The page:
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Electric Field outside a cylinder

  1. Aug 9, 2007 #1
    The problem statement, all variables and given/known data
    Immediately outside a very long cylindrical wire of radius Ri = 0.5 mm, the electric field (in air) is E = 40 kV/m,
    away from the wire’s surface. Use clearly labelled diagrams, explain any principle/law used, for all parts.
    a) What is the charge per unit length along the wire?

    The attempt at a solution

    I'm not sure which formula I should apply, can somebody direct me? :confused:
     
  2. jcsd
  3. Aug 9, 2007 #2

    learningphysics

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    There's an important law that relates the charge to electric flux (which is field strength*area)... can you think of the law? That's what you need to use here.
     
  4. Aug 9, 2007 #3
    Gausses?..............
     
  5. Aug 9, 2007 #4

    learningphysics

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    Yes. :smile: That's what you need to use here. Take an arbitrary length x of the cylinder... Then use gauss' law over that cylinder over that length... You should be able to solve for charge per unit length...
     
  6. Aug 9, 2007 #5
    I'm still confused. Which formula exactly should I be using?
     
  7. Aug 9, 2007 #6

    learningphysics

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    It's Gauss' law... what does Gauss' law say?
     
  8. Aug 9, 2007 #7
    Ok, so I should be using

    Φ = EA = Q/εo
    = 40*2*pi*0.0005*x = Q/εo

    Therefore Q/x=1.112*10^-12 C/m

    Correct?
     
  9. Aug 9, 2007 #8

    learningphysics

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    Yes, looks correct to me.
     
  10. Aug 9, 2007 #9
    Cool!
    How about if I wanted to find the field at a radius of 2mm from the centre of the wire?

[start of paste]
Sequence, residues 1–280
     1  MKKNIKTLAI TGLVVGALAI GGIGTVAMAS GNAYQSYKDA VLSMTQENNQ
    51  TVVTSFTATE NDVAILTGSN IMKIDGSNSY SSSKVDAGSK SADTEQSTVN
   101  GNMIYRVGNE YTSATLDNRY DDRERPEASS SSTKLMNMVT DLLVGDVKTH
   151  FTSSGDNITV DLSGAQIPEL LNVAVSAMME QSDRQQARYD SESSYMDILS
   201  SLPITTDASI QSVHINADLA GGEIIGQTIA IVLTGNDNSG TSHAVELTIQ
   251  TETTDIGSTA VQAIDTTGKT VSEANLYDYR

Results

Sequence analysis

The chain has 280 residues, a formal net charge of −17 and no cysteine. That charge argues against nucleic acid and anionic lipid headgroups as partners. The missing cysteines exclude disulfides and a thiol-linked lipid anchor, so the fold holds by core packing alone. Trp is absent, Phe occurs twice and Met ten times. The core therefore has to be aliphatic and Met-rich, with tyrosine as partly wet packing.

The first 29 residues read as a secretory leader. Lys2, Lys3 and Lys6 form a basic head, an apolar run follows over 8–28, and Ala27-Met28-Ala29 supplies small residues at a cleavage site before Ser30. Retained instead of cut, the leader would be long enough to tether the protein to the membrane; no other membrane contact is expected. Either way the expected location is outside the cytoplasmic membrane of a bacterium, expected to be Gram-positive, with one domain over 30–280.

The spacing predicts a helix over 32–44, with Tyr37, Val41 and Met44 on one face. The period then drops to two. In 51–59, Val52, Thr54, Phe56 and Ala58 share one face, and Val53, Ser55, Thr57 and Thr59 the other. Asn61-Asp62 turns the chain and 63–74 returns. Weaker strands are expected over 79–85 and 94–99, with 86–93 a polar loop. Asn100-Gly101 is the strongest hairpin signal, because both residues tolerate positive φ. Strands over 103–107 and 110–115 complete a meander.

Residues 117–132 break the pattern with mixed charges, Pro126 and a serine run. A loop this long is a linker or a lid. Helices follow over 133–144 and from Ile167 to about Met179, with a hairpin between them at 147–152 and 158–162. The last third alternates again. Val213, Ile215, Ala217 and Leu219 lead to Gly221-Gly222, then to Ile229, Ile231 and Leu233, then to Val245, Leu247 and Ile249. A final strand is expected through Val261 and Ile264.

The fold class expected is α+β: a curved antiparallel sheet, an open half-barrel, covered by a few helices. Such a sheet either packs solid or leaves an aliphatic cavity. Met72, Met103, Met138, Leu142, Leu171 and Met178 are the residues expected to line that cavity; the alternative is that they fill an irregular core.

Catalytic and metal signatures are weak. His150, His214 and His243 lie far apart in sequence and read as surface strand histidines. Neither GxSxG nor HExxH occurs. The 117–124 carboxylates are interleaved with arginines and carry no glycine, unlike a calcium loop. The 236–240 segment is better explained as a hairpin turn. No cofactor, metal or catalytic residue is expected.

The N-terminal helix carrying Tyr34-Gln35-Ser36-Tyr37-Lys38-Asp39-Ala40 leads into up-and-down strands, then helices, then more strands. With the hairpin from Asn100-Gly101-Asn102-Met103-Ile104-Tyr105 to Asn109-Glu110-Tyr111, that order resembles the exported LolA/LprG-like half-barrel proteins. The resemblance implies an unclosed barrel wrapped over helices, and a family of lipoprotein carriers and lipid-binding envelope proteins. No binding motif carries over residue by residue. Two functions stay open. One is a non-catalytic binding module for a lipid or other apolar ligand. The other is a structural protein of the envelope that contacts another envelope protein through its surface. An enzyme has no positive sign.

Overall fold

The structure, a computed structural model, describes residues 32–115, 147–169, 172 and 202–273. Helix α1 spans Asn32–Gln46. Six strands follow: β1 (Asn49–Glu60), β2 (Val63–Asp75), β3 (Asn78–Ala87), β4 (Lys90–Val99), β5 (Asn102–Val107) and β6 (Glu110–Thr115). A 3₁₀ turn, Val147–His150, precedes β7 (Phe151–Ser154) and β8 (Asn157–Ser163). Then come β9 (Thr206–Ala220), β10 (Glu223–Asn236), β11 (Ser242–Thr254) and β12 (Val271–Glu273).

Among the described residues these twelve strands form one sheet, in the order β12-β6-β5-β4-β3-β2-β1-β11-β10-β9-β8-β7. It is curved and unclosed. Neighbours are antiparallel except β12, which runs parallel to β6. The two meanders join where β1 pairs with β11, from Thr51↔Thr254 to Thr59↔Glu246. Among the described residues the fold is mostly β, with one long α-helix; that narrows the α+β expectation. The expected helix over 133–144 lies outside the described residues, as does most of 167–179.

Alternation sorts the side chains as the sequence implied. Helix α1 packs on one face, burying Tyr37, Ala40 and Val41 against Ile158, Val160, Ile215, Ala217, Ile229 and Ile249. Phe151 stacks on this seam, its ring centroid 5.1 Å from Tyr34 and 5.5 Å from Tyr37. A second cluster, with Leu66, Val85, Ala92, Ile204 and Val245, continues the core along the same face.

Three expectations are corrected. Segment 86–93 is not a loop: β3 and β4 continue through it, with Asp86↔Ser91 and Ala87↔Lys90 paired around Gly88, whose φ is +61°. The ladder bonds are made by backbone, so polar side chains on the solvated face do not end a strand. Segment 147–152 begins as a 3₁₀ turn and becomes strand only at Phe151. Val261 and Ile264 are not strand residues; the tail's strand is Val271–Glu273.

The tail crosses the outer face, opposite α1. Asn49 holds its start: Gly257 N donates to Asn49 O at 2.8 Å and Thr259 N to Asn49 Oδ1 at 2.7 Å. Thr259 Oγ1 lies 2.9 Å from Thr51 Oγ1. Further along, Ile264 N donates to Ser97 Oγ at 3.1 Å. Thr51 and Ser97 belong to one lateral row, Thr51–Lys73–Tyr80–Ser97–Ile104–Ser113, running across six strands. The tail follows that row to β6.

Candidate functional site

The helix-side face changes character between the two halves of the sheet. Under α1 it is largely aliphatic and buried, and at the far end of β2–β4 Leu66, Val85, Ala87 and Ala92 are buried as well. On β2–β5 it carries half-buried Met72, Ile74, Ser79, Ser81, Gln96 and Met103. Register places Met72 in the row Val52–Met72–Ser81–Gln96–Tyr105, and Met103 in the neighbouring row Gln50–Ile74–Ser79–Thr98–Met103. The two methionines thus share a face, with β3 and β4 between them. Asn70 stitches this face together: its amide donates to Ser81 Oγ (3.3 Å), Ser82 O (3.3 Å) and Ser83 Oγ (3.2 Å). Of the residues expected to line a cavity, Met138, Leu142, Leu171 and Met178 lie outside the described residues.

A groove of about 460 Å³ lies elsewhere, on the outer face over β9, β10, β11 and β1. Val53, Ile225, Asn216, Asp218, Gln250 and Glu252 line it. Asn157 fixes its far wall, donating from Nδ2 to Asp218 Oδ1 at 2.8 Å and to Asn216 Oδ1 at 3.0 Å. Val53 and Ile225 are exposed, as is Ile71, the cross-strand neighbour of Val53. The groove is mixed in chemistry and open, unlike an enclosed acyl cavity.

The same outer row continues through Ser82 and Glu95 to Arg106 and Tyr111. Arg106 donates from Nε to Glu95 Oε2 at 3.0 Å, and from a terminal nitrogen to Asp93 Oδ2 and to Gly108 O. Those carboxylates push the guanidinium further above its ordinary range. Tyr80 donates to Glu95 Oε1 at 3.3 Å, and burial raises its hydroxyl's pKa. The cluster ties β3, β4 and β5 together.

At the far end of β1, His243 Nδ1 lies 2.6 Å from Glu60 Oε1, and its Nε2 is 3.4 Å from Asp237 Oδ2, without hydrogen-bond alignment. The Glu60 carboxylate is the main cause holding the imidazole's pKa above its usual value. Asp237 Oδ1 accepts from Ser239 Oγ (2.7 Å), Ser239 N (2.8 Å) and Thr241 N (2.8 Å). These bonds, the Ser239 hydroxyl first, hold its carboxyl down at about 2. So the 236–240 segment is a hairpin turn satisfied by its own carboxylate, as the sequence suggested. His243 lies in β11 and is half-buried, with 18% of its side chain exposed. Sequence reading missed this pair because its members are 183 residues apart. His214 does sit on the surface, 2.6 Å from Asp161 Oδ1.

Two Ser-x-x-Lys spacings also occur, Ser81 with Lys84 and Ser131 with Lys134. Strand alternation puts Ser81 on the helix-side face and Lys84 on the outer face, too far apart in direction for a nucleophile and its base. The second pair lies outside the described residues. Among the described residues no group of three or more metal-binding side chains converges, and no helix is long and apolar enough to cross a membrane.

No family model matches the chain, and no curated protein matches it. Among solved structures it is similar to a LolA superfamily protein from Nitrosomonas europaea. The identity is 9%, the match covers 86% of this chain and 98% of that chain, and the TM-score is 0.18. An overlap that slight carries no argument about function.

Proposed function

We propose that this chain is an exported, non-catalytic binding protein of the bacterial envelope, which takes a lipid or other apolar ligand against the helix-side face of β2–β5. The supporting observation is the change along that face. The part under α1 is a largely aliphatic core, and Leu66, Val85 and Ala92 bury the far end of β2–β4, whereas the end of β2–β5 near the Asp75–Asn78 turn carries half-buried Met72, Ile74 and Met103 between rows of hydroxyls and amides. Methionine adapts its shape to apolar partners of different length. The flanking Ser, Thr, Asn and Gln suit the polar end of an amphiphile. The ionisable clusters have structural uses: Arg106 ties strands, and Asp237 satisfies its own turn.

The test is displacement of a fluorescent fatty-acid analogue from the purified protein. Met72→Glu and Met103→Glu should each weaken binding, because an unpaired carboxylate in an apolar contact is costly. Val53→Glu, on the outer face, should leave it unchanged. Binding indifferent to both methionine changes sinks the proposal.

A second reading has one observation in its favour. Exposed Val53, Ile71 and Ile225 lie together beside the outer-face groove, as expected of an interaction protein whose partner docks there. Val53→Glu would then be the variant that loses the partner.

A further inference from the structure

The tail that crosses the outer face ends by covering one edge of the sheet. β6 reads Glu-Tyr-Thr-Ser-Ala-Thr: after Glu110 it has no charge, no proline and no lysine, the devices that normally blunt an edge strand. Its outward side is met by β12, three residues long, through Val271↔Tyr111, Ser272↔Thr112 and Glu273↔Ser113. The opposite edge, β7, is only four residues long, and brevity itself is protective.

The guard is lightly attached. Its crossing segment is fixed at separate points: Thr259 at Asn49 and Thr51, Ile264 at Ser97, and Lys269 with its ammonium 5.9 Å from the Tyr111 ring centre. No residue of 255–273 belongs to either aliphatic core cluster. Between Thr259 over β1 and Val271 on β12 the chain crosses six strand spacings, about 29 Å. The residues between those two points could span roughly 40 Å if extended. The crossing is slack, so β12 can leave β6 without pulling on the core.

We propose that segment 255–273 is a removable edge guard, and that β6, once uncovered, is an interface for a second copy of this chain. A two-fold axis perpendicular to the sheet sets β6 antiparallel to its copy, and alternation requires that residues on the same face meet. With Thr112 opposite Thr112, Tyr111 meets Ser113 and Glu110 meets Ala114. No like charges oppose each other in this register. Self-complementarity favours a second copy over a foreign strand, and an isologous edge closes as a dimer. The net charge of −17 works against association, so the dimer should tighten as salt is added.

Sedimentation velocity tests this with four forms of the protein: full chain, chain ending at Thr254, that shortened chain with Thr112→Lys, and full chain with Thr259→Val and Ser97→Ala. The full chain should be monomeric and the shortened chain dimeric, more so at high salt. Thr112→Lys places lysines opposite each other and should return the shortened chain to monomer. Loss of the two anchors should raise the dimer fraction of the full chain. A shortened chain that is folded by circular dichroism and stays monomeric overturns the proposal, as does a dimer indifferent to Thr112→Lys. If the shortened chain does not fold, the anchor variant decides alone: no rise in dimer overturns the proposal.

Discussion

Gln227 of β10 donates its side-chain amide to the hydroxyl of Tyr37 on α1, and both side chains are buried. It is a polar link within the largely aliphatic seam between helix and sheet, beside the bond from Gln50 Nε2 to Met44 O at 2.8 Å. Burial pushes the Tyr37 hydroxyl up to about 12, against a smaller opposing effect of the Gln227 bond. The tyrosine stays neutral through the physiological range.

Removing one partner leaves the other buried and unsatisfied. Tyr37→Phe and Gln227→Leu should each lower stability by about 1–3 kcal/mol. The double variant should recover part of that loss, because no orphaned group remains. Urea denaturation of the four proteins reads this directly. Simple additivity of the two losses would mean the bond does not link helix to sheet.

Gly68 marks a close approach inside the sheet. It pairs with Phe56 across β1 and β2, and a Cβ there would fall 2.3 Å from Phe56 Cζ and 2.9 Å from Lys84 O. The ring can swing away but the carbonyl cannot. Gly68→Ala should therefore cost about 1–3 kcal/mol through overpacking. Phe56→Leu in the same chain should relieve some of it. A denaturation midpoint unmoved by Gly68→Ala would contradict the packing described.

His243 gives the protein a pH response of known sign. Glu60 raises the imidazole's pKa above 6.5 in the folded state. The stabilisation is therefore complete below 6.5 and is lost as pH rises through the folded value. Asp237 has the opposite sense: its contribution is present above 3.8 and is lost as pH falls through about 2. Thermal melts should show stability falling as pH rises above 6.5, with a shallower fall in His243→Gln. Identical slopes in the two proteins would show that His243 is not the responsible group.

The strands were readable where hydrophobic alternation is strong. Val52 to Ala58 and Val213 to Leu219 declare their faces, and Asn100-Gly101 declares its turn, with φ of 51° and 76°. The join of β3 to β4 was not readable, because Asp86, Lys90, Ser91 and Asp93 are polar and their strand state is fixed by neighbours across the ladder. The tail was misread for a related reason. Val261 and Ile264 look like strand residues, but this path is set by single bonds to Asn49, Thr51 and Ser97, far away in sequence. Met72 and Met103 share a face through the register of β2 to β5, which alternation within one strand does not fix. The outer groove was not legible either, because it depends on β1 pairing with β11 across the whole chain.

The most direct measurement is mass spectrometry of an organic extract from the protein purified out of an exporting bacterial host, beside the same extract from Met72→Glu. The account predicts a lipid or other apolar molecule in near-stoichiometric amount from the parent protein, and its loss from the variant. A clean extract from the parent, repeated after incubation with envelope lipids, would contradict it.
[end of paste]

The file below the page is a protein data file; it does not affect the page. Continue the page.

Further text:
Using Gauss again, I know all values but x (length of wire), Q, and E (which is what I want to find).

    If I use the Q/x value I just found out from the previous question, I get 1.24*10^-25 V/m.

    Sounds like quite a far out number, could it be right?
     
  11. Aug 9, 2007 #10

    learningphysics

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    Oops... before for E, you needed to use 40,000... not 40 (you have to convert to volts). So that would give Q/x=1.112*10^-9 C/m

    For this part, I get 10,000V/m or 10kv/m.
     
  12. Aug 9, 2007 #11
    Good spot with the kV/m!

    I got 10kv/m for part 2 as well, just a silly arithmatic error!

    Thanks ALOT!
     
  13. Aug 9, 2007 #12

    learningphysics

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    You're welcome.
     
  14. Aug 9, 2007 #13
    Managed to do one part by myself (good acheivement by my standards) before being getting stuck again.

    How is it possible to calculate the potential diff betweem r=2 and r=0.5?
    As the length of the wire is supposedly the same and the E for r=0.5 is 40000 and the E for r=2 is 10000, is it simply 40000-10000 = 30000V?
     
  15. Aug 9, 2007 #14

    learningphysics

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    No. The potential diff is found using an integral. Your text should have that integral.
     
  16. Aug 9, 2007 #15
    I think this is the one?

    [​IMG]

    where f = 2
    and i = 0.5

    I'm not sure how to do the actual mathematics part of it and there is no example in the book.

    edit: my understanding is that the test charge is moving parallel to E and hence angle will be 0degrees.
     
    Last edited: Aug 9, 2007
  17. Aug 9, 2007 #16

    learningphysics

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    Yes, you take a path radially outward from the wire... and E is parallel to that path. cos 0=1. So it is just -integral Edr
     
  18. Aug 9, 2007 #17
    So basically...
    next steps

    =-∫Edr (with terminals 0.5 and 2)

    =-∫Er (with terminals 0.5 and 2)

    = -([E*0.5]-[E*2])

    Do I use the corresponding E values for each radial distance?

    Am I even on the right track?
     
  19. Aug 9, 2007 #18

    learningphysics

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    No, you need a formula for E in terms of r... ie you need E(r)... then you'd calculate:

    =-∫E(r)dr (with terminals 0.5 and 2)
     
  20. Aug 9, 2007 #19
    Well in my textbook I have found

    E=(λ)/(2pi*εo*r)

    where lambda is Q/x.

    Is this equation still suitable even though lambda has been brought in?
     
  21. Aug 9, 2007 #20

    learningphysics

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    Not sure... do exactly what you did to calculate the field at 2mm... except instead of 2mm just leave the radius as r. So solve for E, and you'll have an expression in terms of r.
     
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